The Nigerian government says it has committed N10 billion to remove 10.2 million out-of-school children from streets in the next five years.
The governments said it hopes to achieve the target by enrolling two million children yearly in the next five years.
The Minister of Education, Adamu Adamu, said this during the unveiling of “Education Sector Short and Medium Term Blueprint/Work Plan on the implementation of Education for Change: A Ministerial Strategic Plan (MSP)“ document presented on Thursday in Abuja.
The two-day retreat was attended by states’ commissioners of education, permanent secretaries, chairpersons of State Universal Basic Education Boards (SUBEBs), directors and heads of parastatals and agencies in the education sector.
According to the document, by the end of 2020, about N3 billion would have been committed by 19 states, “outside the intervention of the federal government to ensure the enrollment of over two million school-age children who are not in school.”
The document also shows that states are expected to commit another N2.4 billion in 2021, N2 billion in 2022, N1.5 billion in 2023 and N1.1 billion in 2024 respectively towards addressing the problem.
Mr Adamu said the government would embark on sensitisation of traditional rulers and religious leaders on the need to inform their communities of the benefits of formal education.
The minister also said there will be ‘crackdown’ on substandard primary and secondary schools across the country.
Currently, Nigeria has over 10 million out-of-school children and 60 per cent of that number are girls, many of whom enrol in school but drop out along the line.
The budgetary allocation to the education sector in Nigeria is lower than the 15 to 20 per cent recommended by the United Nations.
The global organisation recommended the budgetary benchmark to enable nations adequately cater to rising education demands.
However, Mr Adamu, in his last administration apologised for his inability to reduce the number of out-of-school children during his tenure.
Mr Adamu appealed to lawmakers to increase allocation to the education sector. He asked state governors to invest more in basic education.
The minister also advised state governors to be prompt in providing matching grants to access the federal government’s interventions through the Universal Basic Education Commission.
PREMIUM TIMES reported how President Muhammadu Buhari proposed a capital expenditure of N48 billion for the Ministry of Education in the 2020 appropriation bill he submitted to the National Assembly.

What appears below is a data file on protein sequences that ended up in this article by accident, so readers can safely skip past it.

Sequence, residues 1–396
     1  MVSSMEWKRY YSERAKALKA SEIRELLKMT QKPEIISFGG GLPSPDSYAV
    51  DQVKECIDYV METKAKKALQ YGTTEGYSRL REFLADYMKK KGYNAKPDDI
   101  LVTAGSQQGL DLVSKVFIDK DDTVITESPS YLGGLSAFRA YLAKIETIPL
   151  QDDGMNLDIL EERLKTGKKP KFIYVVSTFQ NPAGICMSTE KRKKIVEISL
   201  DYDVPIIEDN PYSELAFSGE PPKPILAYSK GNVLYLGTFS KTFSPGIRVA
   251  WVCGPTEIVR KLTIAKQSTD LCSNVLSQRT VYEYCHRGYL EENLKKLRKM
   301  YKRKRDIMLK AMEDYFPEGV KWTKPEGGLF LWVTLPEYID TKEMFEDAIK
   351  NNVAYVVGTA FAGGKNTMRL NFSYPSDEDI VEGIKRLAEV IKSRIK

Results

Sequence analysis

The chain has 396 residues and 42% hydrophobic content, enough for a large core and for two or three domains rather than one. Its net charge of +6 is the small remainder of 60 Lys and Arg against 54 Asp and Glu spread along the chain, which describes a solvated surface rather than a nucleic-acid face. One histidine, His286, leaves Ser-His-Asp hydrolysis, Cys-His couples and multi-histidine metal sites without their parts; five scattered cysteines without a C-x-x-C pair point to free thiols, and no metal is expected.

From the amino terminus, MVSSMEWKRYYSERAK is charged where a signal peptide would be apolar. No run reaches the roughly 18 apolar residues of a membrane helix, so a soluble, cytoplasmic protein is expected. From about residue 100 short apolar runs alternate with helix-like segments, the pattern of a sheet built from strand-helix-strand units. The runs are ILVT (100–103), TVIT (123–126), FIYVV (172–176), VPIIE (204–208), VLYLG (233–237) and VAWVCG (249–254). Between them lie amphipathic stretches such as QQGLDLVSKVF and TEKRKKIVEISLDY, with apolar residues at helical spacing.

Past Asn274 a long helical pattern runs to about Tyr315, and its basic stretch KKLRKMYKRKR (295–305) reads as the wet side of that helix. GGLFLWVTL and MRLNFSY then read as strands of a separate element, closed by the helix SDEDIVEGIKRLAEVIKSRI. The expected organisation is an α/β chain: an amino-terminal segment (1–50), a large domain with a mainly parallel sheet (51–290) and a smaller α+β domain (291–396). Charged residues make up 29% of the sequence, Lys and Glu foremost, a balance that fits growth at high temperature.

Mr Buhari also proposed N112 billion for the Universal Basic Education (UBEC).
However, the president did not mention the recurrent expenditure for the education sector in his budget speech.
The N48 billion proposed for capital expenditure for the education ministry for 2020 is lower than the N61.7 billion in 2018 and N56 billion for the sector in 2017.
However, it is slightly higher than the capital expenditure of N47.2 billion in 2019.
There is also an increase in UBEC allocation for 2020, compared to 2017 and 2018. N112 billion was budgeted in 2020. In 2018, the budget was N109.06 billion and N95 billion in 2017.
Messrs Buhari and Adamu had assured that the education sector would witness remarkable improvement in funding in 2019.
‘States must be committed to the plan’
Also speaking, the Permanent Secretary, Federal Ministry of Education, Sonny Echono, urged all the state commissioners at the meeting to take the action plan contained in the document seriously.
He said the 2018 National Personnel Audit of Primary schools in Nigeria showed that 10.2 million children were out of school.
“Following the various federal government intervention programmes aimed at reducing the rate of out-of-school children in Nigeria by 2 million every year for the next five years, the estimated out-of-school children at the end of the five years would be 193,918,” he said.
“The above followed the assumption that there would no new out-of-school children in these five years. All the children of school age will automatically enrol in school, following the compulsory years of schooling as enshrined in the UBEC Act,” he said.
Meanwhile, the deputy chairman, House Committee on Education and Services, Ifeanyichukwu Ibezi, in his remarks, asked all participants at the retreat “to review and reflect on the content and quality of education the Nigerian child is currently receiving.”
He said Nigeria “is in need of a functional educational system that would equip learners with requisite knowledge, attitude and skills to enable them relate and adapt successfully to the rapid socio-economic, cultural and political changes in the society.”
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